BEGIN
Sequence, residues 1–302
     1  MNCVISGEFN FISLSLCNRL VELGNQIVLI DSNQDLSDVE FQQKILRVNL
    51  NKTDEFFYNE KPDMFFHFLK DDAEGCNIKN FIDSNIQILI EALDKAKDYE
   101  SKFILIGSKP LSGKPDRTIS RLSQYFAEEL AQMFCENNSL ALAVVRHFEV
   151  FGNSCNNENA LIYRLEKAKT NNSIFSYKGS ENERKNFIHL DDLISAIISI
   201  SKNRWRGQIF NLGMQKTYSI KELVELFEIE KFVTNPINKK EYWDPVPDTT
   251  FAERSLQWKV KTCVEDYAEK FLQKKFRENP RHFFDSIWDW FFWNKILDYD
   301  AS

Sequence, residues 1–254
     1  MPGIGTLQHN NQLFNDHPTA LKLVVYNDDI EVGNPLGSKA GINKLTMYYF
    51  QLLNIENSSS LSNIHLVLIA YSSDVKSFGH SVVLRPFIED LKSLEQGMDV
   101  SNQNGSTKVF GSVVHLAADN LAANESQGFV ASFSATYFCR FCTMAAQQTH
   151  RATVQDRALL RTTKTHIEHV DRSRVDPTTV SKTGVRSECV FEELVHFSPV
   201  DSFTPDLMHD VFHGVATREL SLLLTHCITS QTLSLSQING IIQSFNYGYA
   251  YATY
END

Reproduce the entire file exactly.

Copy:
Sequence, residues 1–302
     1  MNCVISGEFN FISLSLCNRL VELGNQIVLI DSNQDLSDVE FQQKILRVNL
    51  NKTDEFFYNE KPDMFFHFLK DDAEGCNIKN FIDSNIQILI EALDKAKDYE
   101  SKFILIGSKP LSGKPDRTIS RLSQYFAEEL AQMFCENNSL ALAVVRHFEV
   151  FGNSCNNENA LIYRLEKAKT NNSIFSYKGS ENERKNFIHL DDLISAIISI
   201  SKNRWRGQIF NLGMQKTYSI KELVELFEIE KFVTNPINKK EYWDPVPDTT
   251  FAERSLQWKV KTCVEDYAEK FLQKKFRENP RHFFDSIWDW FFWNKILDYD
   301  AS

Sequence, residues 1–254
     1  MPGIGTLQHN NQLFNDHPTA LKLVVYNDDI EVGNPLGSKA GINKLTMYYF
    51  QLLNIENSSS LSNIHLVLIA YSSDVKSFGH SVVLRPFIED LKSLEQGMDV
   101  SNQNGSTKVF GSVVHLAADN LAANESQGFV ASFSATYFCR FCTMAAQQTH
   151  RATVQDRALL RTTKTHIEHV DRSRVDPTTV SKTGVRSECV FEELVHFSPV
   201  DSFTPDLMHD VFHGVATREL SLLLTHCITS QTLSLSQING IIQSFNYGYA
   251  YATY